Update: LMS Usage In Large Online Programs (Top 50 in US)

By: Phil Hill and Justin Menard. Cross-posted at LISTedTECH

Three and a half years ago Phil wrote a post “Snapshot of LMS Market for Large Online Programs in the US” giving a view into this growing segment of higher education.  Large online enrollment institutions typically mean a centrally-coordinated provision of online courses, often with duplicate course sections, and these programs tend to use more of the LMS than ad hoc online courses or blended courses. Further, these programs are dynamic – they are far more likely to grow significantly or shrink significantly than face-to-face or blended programs. As such, this segment can have different usage patterns than the broader market. Thanks to the partnership between e-Literate and LISTedTECH for our LMS subscription service, we have a much richer data set now. One of our subscribers asked a question over the weekend about this subject, so it seemed time to update this view.

What we are showing below are the 50 institutions with the greatest number of students taking at least one online class based on the IPEDS database, for graduate and undergraduate combined. The most recent enrollment data set was for Fall 2014, so the enrollment data is slightly out of date. But the LMS listings should be up-to-date. In fact, we are showing some leading data, such as the University of Phoenix usage of Blackboard Learn and Kaplan University usage of D2L Brightspace – neither school has fully transitioned to the new LMS, but they have made official decisions and begun deployment. We have grouped the schools by sector, as well.


If we aggregate the total enrollment data of these top 50 programs by vendor:


Some notes:

  • Blackboard clearly dominates this list, but there is an important caveat. The University of Phoenix (206k students in Fall 2014 data) has not fully migrated to Learn Ultra yet, as they move off of their homegrown LMS. But even if one ignored this case, Blackboard is still the largest provider for this segment.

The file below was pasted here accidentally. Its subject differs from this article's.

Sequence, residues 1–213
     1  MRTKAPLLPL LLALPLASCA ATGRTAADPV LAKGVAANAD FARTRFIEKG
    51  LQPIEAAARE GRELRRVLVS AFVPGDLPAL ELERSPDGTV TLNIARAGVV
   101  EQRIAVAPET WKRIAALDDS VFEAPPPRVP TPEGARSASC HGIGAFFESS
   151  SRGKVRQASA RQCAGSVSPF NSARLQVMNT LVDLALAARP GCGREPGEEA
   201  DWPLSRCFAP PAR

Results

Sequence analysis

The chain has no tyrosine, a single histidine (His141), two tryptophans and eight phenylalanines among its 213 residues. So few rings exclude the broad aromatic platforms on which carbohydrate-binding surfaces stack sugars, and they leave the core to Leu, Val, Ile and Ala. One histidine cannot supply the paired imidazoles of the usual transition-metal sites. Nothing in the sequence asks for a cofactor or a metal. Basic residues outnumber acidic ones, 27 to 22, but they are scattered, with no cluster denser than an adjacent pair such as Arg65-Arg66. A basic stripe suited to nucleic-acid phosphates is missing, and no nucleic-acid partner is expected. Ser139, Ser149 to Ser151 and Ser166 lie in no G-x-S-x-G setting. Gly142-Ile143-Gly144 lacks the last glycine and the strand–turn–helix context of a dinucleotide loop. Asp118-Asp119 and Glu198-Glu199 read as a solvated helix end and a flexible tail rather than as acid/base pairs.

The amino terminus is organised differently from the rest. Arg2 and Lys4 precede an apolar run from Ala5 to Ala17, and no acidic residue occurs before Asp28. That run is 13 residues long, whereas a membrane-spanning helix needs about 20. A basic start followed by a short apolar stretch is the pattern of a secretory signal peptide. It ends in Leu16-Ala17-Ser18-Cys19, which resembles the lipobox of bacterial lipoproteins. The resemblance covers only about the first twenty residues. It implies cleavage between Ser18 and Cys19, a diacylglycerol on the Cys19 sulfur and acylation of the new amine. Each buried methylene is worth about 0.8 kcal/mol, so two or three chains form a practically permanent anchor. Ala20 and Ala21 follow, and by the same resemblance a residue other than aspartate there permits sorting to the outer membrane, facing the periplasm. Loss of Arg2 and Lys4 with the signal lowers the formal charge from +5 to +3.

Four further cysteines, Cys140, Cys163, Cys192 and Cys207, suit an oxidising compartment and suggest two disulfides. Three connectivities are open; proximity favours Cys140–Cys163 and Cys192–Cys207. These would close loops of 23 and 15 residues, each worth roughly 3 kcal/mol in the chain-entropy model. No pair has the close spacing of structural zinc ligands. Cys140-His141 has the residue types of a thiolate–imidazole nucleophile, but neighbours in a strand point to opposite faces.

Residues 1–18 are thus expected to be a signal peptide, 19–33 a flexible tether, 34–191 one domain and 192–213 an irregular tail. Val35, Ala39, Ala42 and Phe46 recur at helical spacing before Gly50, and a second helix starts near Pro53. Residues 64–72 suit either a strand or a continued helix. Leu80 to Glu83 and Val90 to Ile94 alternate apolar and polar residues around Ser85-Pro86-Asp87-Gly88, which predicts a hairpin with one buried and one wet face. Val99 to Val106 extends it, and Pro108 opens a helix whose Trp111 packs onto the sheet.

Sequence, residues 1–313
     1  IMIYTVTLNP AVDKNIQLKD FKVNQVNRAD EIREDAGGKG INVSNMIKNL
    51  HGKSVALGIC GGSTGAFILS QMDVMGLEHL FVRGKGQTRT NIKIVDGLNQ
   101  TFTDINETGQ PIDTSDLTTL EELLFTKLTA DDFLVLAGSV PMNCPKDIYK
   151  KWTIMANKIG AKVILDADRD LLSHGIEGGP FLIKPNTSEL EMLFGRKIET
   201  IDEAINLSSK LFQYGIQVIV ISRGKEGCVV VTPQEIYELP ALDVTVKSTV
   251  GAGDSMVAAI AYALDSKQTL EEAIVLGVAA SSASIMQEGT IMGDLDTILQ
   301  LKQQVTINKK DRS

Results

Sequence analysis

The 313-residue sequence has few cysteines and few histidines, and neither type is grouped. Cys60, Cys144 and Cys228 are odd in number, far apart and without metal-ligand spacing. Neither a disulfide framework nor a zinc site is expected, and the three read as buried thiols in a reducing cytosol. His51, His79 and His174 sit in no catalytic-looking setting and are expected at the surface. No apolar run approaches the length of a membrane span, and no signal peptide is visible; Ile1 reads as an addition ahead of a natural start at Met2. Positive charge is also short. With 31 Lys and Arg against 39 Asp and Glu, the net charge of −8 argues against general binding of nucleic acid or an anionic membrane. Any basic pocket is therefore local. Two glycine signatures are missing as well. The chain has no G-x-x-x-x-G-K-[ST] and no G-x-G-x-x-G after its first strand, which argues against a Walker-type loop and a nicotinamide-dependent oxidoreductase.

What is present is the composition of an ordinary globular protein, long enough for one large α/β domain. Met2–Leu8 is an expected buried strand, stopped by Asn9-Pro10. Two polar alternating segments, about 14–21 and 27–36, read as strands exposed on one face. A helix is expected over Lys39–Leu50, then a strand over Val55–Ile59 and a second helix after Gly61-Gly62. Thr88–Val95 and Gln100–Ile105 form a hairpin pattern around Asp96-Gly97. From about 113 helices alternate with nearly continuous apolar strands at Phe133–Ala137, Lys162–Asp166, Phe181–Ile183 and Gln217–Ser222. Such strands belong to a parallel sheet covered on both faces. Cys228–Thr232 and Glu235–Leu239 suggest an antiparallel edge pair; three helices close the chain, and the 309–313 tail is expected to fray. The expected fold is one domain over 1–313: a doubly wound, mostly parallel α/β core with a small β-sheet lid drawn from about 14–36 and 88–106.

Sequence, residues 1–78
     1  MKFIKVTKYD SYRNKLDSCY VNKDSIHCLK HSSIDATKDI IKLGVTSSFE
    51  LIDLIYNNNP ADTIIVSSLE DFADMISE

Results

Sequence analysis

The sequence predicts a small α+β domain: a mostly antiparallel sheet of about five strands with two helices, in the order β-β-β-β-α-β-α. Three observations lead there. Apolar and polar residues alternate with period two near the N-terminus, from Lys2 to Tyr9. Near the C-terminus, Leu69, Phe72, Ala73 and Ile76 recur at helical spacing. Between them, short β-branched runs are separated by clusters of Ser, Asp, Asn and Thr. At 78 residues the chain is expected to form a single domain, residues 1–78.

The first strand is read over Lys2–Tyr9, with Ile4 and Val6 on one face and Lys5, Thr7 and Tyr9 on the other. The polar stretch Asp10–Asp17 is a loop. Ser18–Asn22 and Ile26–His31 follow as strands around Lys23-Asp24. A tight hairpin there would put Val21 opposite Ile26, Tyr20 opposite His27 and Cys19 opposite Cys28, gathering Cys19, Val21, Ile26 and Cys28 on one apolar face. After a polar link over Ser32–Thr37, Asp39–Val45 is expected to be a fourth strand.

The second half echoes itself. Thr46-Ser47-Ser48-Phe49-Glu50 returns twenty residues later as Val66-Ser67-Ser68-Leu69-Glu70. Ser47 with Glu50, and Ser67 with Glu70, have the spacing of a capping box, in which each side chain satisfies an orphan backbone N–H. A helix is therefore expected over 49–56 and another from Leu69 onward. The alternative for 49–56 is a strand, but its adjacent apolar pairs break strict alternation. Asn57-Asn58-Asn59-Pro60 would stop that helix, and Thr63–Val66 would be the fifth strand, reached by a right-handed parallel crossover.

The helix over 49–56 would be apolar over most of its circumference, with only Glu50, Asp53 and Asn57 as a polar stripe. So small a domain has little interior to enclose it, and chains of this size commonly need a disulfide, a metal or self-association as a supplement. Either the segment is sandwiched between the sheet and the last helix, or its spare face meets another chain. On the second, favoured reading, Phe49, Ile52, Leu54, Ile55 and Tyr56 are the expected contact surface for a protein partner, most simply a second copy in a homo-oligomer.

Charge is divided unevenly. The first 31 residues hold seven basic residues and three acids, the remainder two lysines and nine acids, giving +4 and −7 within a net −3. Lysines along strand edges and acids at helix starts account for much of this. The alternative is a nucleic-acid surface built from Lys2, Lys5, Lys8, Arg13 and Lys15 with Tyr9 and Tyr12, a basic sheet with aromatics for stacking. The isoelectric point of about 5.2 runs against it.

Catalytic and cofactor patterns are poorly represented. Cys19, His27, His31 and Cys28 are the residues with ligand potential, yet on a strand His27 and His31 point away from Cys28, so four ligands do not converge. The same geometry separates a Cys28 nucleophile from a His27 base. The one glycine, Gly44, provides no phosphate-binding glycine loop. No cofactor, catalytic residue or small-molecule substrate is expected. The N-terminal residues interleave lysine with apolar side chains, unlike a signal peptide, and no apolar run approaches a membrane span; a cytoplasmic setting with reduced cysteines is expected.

• Pearson LearningStudio has been announced as going end-of-life, and all clients will be migrating to other systems by the end of 2017 (roughly). The biggest announced change to date has been Kaplan University, which moved to D2L Brightspace, but there are many more to come. Soon.
  • The for-profit sectors have taken a beating and current enrollment is lower than the Fall 2014 data.
  • The Fall 2015 data is expected by January, so we will update accordingly. Also expect changes as more Pearson LearningStudio clients announce their new LMS.

Given the changes in this area, particularly around moves off of LearningStudio, if you see any corrections, let us know in the comments or by using the ‘Contact Us’ page if you’d like to keep it private.

Update: Thanks to a careful reader, we found a mistake in moving the data from the wiki into the visualization software. Two schools – Arogsy University and Saint Leo University – have been corrected.

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About Phil Hill

Phil is a consultant and industry analyst covering the educational technology market primarily for higher education. He has written for e-Literate since Aug 2011. For a more complete biography, view his profile page.

About Justin Menard

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2 Responses to Update: LMS Usage In Large Online Programs (Top 50 in US)

  1. Pingback: Update: LMS Usage In Large Online Programs (Top 50 in US) - LISTedTECH

  2. Allan Christie says:

    The State of the LMS in Australian Universities.

    At the end of 2015, there were 1,308,351 students (domestic and overseas) enrolled in the 40 Australian universities.

    When reviewing the enterprise LMS used at each university at the end of Oct-2016, there were 29 universities using either Blackboard Learn 9.1 (21) or Moodlerooms Enterprise (8) with a total number of students of 985,009 (76%). This was followed by 7 universities using Moodle with 185,319 students (14%), 3 universities using Brightspace by D2L with 111,128 students (8%) and 1 university using Canvas with 26,895 students (2%).

    For further insights into the Australian HE sector, follow me on twitter @ns_allanc

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